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trinitree88
2013-Nov-17, 05:26 PM
The authors devise a new scheme to reduce the tension in the data between Planck and type 1a supes. SEE:http://arxiv.org/abs/1311.3467

TooMany
2013-Nov-18, 03:55 PM
The authors devise a new scheme to reduce the tension in the data between Planck and type 1a supes. SEE:http://arxiv.org/abs/1311.3467

Can you trust adjustments that are specifically aimed at fixing disagreements? Perhaps reasonable arguments that increase the tension can also be found.

Hornblower
2013-Nov-18, 08:40 PM
Can you trust adjustments that are specifically aimed at fixing disagreements?Yes, if they are scientifically sound.
Perhaps reasonable arguments that increase the tension can also be found.

In which case I would say the theory needs more work.

TooMany
2013-Nov-19, 06:44 PM
What concerns me is a possible loss of objectivity. E.g., if a measurement agrees with theory there is little interest in attacking it's accuracy, but when it conflicts with theory there is great interest.

There was an article recently in Science News? raising doubt about many of the conclusions derived from experiments with human behavior. One problem discussed was that researchers tend to see what they expect to see.

While astronomy appears to be a more objective study than psychology, researchers in both fields may exhibit the same human tendencies. There is a high degree of certainty among cosmologist that current theory is correct.

Shaula
2013-Nov-19, 06:53 PM
There is a high degree of certainty among cosmologist that current theory is correct.
No there is not. Otherwise why would all these observations be being made? To test, to see if there is evidence for other models or new science. What there is a high degree of certainty is that no other models have so far proven as powerful predictively. As has been pointed out to you several times people do work on new ideas, do test alternative theories and they do want to 'break' the mainstream, almost every scientist I know has dreamed at some point of being the one to find a whole new paradigm.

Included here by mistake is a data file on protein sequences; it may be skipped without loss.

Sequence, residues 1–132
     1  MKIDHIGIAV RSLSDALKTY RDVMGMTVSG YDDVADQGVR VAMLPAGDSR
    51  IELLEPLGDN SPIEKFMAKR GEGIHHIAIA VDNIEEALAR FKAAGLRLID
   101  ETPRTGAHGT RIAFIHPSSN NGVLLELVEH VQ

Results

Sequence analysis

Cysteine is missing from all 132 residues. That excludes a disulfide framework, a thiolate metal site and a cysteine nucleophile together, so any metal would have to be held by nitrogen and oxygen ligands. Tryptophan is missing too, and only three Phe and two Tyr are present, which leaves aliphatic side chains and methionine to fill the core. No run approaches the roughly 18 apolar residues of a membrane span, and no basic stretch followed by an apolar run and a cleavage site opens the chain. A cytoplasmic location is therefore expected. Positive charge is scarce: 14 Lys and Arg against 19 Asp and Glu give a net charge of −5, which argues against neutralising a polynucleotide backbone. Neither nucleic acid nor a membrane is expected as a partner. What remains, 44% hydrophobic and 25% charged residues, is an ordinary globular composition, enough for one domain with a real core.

Selfsim
2013-Nov-19, 09:03 PM
This study is about adjusting fitting curves to reflect new empirical data. The result also happens to remove some discrepancies between disparate interpretations of two different datasets (Planck and SN1a observations). The fact that the discrepency diminishes, improves the confidence level in the underlying model if the result had diverged, then the opposite would happen.

The refitting was done purely to assist in exploring the implications of a spatially flat cosmology.

I don't see any 'forcing' to make the models work here.

TooMany
2013-Nov-19, 11:42 PM
No there is not.

Let me put it this way. Observations are expected (rather than considered certain) to match the existing model. When they don't match, deeper consideration is given to what has actually been measured and what may be adversely affecting results. When they do match, quite naturally not much effort will be made to look for something that may be biasing the results.